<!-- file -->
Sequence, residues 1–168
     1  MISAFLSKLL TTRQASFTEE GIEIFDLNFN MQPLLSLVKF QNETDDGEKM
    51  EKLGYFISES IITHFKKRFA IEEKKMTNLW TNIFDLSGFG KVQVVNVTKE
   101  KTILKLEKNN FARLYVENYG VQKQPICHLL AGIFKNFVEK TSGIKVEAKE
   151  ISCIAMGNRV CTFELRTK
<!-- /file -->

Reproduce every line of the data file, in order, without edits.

Sequence, residues 1–168
     1  MISAFLSKLL TTRQASFTEE GIEIFDLNFN MQPLLSLVKF QNETDDGEKM
    51  EKLGYFISES IITHFKKRFA IEEKKMTNLW TNIFDLSGFG KVQVVNVTKE
   101  KTILKLEKNN FARLYVENYG VQKQPICHLL AGIFKNFVEK TSGIKVEAKE
   151  ISCIAMGNRV CTFELRTK